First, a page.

IKEA outlet offers Black employees watermelon, fried chicken in special Juneteenth menu

fried chicken and ikea
It's been called "intensely problematic". Photo credit: Getty Images.

A US branch of Scandinavian furniture juggernaut IKEA has scrambled to apologise after a company-wide email acknowledging Juneteenth encouraged employees to eat from a special menu that included foods like watermelon and fried chicken. 

June 13 National Independence Day, known more commonly just as 'Juneteenth', is a holiday in the US commemorating the emancipation of enslaved African-Americans. 

Known as a time to celebrate African-American culture, it was first recognised as a federal holiday by President Joe Biden this year. 

Businesses across the world have honoured the occasion, but some efforts have been more successful than others. 

An Atlanta branch of IKEA curated a menu for employees for the day which has since been dubbed "intensely problematic". 

According to an email to employees acquired by TMZ, the branch wished to "honour the perseverance of Black Americans and acknowledge the progress yet to be made".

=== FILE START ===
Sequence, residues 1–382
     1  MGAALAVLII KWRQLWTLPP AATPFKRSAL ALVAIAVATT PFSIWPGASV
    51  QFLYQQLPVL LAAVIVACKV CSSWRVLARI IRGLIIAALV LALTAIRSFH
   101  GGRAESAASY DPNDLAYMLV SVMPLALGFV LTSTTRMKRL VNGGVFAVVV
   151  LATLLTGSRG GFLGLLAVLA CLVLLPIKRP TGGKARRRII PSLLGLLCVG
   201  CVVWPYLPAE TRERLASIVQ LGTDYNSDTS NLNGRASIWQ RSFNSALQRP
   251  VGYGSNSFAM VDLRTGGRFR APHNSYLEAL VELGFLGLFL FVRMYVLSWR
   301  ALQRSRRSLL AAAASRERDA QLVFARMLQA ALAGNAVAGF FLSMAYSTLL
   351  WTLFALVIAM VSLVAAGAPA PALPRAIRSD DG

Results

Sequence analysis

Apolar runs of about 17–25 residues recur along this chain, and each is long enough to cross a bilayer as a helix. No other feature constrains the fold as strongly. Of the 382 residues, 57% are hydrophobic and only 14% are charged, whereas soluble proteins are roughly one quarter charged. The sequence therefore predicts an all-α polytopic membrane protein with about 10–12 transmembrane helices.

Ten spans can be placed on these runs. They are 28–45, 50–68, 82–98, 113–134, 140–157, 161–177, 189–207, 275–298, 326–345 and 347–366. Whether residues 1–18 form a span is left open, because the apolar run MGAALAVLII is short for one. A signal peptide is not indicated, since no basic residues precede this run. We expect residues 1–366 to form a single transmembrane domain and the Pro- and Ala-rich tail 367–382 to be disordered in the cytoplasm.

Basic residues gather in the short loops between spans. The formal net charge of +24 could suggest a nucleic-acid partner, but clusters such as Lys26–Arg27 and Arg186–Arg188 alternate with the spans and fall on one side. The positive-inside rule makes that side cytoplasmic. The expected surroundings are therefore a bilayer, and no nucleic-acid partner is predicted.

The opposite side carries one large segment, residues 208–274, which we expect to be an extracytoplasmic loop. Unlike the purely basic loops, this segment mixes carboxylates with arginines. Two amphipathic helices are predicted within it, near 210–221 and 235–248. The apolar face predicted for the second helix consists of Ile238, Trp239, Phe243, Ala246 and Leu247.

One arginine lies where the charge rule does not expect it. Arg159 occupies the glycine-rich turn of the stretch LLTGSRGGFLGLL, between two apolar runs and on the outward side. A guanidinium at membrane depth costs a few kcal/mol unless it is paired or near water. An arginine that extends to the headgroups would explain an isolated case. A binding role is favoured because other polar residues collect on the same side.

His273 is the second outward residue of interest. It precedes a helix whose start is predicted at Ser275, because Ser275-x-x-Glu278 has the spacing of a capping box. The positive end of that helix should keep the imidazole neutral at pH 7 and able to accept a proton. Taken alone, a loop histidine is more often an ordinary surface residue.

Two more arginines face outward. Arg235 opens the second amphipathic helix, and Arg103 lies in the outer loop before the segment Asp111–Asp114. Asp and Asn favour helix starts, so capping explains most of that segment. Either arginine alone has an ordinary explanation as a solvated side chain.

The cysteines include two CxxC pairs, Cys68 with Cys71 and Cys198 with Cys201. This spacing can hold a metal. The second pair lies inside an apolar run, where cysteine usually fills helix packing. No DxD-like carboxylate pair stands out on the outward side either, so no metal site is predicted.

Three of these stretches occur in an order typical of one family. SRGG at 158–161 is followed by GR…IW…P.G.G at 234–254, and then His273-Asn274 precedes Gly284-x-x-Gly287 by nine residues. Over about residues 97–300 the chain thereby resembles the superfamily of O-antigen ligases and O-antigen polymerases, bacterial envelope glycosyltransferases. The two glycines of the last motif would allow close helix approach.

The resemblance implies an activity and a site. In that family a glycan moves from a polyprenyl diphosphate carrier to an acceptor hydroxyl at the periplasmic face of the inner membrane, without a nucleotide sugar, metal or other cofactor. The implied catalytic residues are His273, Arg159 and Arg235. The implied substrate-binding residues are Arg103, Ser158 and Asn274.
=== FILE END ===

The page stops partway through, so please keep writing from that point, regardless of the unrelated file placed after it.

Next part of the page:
"Look out for a special menu on Saturday which will include: Fried chicken, watermelon, mac'n'cheese, potato salad, collard greens, candied yams." 

Almost the entire selection of foods have historically been used to demean African-Americans through stereotyping.

An employee, who wished to remain anonymous, told a local news outlet: "You cannot say serving watermelon on Juneteenth is a soul food menu when you don't even know the history. 

"They used to feed slaves watermelon during the slave time."

Another employee also reportedly told TMZ none of the panel of workers who created the menu were Black. 

Twenty employees reportedly called in sick under protest. 

Upon contacting the IKEA branch, a spokesperson told TMZ they "sincerely apologised" for the incident and quickly changed the menu.

"We value our co-workers' voices and changed the menu after receiving feedback that the foods that were selected are not reflective of the deeply meaningful traditional foods historically served as part of Juneteenth celebrations," they said in a statement.

"We got it wrong and we sincerely apologise."